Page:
I’m welcomed to the Mitr Trust, an LGBTQI charity based in West Delhi, by a bevy of beckoning beauties, leaning over the balcony, smiling and blowing kisses as I get out of the car.
"Are you going to see the gays?" asks Ravinder, my driver. He is eyeing the modest building cautiously, as we approach in the afternoon sun.
"Be careful," he says.
In India, the practice of homosexuality is still a criminal offence, however, despite this, in the realm of sexual politics the country has taken significant steps forward, particularly in its approach to transgender rights.
During the last 18 months India has seen positive statutory developments in the recognition of the trans or ‘third gender’ community.
Since 2009 transgender people in India have been able to choose their gender as ‘other’ on ballot forms . In 2014 Hijras, India’s transgender minority, were officially, legally recognised by a landmark ruling when the country’s Supreme Court passed a law recognising transgender people as a ‘third gender’, giving them to equal rights and protection.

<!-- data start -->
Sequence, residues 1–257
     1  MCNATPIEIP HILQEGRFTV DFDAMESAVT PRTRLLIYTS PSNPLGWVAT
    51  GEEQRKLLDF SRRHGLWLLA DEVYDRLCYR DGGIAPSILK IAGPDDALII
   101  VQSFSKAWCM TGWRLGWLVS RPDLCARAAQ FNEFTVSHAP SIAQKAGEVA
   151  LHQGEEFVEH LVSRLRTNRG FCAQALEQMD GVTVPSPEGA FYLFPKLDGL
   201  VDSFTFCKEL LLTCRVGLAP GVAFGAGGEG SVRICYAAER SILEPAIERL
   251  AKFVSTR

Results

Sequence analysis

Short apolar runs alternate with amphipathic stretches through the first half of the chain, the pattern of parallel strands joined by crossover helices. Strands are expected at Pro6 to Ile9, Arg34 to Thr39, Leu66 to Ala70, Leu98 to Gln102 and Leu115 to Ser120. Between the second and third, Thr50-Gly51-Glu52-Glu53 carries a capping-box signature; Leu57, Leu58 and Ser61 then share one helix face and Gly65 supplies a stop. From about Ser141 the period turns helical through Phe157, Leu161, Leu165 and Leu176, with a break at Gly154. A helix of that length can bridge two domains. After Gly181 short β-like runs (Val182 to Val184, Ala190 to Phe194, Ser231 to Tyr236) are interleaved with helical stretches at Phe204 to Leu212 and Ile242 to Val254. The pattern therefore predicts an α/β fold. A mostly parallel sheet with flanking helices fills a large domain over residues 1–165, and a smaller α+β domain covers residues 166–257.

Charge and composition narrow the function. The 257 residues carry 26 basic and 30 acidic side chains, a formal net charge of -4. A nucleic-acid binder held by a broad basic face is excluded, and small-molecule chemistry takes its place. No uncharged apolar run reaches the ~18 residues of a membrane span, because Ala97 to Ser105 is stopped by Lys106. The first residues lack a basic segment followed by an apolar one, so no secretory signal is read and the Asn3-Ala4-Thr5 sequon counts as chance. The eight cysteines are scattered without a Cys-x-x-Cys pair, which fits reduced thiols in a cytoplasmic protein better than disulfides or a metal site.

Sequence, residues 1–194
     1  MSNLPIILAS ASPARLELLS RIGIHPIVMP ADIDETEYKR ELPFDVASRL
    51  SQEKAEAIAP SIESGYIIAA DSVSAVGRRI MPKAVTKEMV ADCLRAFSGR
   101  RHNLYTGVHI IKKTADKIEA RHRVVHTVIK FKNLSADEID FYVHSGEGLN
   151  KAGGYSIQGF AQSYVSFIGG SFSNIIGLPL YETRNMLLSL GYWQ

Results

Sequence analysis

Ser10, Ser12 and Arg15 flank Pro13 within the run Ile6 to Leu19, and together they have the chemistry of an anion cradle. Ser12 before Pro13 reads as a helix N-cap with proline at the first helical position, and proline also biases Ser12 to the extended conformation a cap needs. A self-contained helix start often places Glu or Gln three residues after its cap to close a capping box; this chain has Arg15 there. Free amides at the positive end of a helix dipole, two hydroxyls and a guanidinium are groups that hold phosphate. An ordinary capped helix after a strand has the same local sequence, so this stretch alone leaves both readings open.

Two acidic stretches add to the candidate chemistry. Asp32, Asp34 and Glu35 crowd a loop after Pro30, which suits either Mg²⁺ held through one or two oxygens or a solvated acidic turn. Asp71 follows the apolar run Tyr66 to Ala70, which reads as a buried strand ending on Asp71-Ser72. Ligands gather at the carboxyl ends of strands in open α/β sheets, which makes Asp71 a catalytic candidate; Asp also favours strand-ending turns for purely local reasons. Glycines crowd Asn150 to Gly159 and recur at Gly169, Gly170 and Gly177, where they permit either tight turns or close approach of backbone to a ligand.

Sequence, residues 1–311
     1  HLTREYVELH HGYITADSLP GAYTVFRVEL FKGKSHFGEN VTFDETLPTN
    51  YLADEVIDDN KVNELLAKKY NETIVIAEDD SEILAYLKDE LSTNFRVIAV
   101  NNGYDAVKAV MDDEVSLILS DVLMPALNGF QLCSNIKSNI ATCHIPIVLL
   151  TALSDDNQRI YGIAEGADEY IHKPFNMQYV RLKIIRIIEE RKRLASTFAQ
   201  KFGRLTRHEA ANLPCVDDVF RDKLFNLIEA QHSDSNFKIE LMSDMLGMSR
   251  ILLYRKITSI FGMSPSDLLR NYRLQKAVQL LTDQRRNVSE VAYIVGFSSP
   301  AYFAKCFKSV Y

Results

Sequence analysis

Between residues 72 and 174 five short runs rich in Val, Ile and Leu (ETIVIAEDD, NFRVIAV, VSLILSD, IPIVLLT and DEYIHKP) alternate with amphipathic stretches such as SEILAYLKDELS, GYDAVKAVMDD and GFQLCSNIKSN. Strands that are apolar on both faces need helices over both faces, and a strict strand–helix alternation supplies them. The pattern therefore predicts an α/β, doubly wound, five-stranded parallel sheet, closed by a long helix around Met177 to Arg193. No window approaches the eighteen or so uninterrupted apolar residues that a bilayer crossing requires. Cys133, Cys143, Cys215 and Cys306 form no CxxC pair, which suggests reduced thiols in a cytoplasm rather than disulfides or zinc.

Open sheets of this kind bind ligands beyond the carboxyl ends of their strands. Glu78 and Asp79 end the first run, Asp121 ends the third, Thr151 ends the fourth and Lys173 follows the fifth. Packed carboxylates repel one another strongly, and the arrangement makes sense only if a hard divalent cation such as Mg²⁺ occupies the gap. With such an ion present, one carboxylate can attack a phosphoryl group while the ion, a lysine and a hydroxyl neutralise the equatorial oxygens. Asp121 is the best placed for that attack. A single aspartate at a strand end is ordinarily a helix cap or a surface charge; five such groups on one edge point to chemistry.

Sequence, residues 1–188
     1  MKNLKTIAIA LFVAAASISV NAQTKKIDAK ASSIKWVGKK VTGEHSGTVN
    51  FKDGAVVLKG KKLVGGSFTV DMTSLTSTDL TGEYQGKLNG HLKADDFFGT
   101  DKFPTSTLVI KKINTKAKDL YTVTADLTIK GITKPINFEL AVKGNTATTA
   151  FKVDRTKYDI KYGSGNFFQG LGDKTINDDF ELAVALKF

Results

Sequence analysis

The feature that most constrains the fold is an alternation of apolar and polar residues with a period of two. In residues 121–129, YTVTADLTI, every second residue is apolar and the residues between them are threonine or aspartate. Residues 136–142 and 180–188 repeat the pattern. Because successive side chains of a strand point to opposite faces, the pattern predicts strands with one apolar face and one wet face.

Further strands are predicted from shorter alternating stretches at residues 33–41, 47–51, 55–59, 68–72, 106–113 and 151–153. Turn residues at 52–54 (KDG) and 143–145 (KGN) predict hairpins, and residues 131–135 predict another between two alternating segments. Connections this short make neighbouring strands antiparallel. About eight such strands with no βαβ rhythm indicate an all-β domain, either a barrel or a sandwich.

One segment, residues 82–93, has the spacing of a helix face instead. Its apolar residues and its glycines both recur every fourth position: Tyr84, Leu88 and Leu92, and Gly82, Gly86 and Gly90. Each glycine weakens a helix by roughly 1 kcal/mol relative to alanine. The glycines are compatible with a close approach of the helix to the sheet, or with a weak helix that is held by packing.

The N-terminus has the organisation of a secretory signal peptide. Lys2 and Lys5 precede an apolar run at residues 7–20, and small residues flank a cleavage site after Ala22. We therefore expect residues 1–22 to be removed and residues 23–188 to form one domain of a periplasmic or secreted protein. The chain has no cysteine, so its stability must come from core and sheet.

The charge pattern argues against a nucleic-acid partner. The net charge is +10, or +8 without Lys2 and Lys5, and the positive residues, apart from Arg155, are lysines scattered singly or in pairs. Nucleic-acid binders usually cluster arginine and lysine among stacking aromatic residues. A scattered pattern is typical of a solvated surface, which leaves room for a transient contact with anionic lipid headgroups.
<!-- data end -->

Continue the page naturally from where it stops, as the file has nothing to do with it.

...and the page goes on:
Last year saw the election of the first ever transgender person in India to public office when Madhu Bai Kinnar became mayor in Raigarh , while trans citizens also acquired other prominent civic roles in the police force and education system.